Frasier gave us 11 seasons of hilarity centered around two brothers, Frasier and Niles Crane. Originally, the show wouldn’t have focused on Frasier Crane, to avoid ‘unfair’ comparisons to its predecessor, Cheers. However, Paramount hated the original idea of Crane being a paralyzed media mogul and insisted on the show building on the existing Cheers audience. There are a few homages to Cheers in the script that made their way into the show throughout the seasons, and a lot of guest appearances by Cheers cast members.
A show that runs this long is bound to have a few theories attached to it and Frasier is no exception. Once of the craziest theories involves the late John Glenn’s cameo role during one of the show’s earlier episodes. Glenn was the first American to orbit Earth and he appears on Frasier Crane’s radio show as himself. He takes over the show and talks about his space experience. He then goes off on a humorous tangent about a government cover-up of the existence of aliens.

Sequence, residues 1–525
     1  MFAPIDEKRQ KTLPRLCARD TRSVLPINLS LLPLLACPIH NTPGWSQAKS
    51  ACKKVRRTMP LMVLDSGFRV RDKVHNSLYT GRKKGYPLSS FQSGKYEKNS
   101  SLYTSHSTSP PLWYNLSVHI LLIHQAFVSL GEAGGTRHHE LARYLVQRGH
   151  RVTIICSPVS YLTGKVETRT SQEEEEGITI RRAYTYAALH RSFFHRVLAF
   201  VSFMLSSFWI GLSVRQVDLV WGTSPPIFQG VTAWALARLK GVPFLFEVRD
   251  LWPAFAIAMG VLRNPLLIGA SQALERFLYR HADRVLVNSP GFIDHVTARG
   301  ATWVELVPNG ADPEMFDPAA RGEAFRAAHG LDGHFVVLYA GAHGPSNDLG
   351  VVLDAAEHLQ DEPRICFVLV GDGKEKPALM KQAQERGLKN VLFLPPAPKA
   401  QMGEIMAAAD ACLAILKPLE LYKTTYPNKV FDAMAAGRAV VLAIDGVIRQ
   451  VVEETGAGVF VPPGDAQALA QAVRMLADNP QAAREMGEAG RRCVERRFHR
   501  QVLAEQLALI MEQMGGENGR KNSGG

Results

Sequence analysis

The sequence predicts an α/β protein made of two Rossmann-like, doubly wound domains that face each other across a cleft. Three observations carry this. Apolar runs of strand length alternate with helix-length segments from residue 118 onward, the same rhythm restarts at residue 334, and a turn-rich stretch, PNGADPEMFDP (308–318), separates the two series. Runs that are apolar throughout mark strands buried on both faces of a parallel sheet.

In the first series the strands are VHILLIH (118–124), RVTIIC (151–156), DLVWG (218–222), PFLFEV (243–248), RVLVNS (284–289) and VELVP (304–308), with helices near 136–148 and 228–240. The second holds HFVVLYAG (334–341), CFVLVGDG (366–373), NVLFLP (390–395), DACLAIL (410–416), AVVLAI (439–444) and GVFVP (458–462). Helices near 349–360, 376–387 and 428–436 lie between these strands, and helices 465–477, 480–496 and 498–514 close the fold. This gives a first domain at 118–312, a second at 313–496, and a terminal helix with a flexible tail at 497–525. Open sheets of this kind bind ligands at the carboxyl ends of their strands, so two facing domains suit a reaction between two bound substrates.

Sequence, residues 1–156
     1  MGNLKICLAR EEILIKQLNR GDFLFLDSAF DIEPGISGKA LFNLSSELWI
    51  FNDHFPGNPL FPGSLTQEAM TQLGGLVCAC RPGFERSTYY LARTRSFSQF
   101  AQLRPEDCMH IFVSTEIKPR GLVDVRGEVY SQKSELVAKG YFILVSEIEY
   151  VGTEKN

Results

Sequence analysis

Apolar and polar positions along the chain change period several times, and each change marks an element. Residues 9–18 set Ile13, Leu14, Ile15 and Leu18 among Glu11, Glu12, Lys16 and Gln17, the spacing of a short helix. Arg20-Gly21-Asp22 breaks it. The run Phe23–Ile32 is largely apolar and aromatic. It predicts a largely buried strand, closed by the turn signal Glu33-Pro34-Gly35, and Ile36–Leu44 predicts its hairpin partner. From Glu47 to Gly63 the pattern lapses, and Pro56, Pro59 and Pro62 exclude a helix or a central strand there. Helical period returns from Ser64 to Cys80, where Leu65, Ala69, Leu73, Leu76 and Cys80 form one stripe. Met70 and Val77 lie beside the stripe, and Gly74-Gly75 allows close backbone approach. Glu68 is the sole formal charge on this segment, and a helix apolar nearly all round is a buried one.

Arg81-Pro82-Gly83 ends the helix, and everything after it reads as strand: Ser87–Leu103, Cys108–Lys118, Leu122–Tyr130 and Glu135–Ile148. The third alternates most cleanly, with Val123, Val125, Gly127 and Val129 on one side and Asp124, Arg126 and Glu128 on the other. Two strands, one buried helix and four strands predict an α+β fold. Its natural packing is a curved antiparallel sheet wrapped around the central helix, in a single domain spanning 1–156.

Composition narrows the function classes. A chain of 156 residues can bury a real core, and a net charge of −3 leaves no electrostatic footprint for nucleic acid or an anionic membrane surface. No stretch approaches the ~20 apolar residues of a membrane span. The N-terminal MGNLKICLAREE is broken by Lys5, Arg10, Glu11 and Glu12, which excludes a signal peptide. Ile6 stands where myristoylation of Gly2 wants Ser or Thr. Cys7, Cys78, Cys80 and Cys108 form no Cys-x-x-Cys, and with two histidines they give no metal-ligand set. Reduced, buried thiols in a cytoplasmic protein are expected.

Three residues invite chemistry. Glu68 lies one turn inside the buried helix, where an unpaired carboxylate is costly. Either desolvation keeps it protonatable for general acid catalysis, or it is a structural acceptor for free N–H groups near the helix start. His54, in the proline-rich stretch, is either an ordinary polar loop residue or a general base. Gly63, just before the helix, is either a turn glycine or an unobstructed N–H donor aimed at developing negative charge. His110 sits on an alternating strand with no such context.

This let to many fans believing that Glenn wasn’t just playing a part on a show, but that he used the opportunity to reveal the truth about alien life.
8 Cheers is a rip-off
Cheers is where the above-mentioned Frasier Crane was first introduced, alongside a host of other beloved characters. Cheers ran for 11 seasons and premiered way back in 1982. It almost didn’t see its second season, however, as it was very nearly cancelled during its first airing.
There have been a multitude of theories surrounding the show including that the bar was a perfect place for Norm and Cliff to set up prostitutes with prospective clients. Another theory that gained a lot of traction is the one that claims the show is a rip-off of a lesser known sitcom called Park St. Under. This sitcom was produced for a local Boston audience and premiered three years before Cheers. Its focus was on an underground Boston bar owned by an ex-Red Sox player. The rest of the cast included a cheeky dark-haired employee, civil servant, token “old-timer” and a local psychiatrist.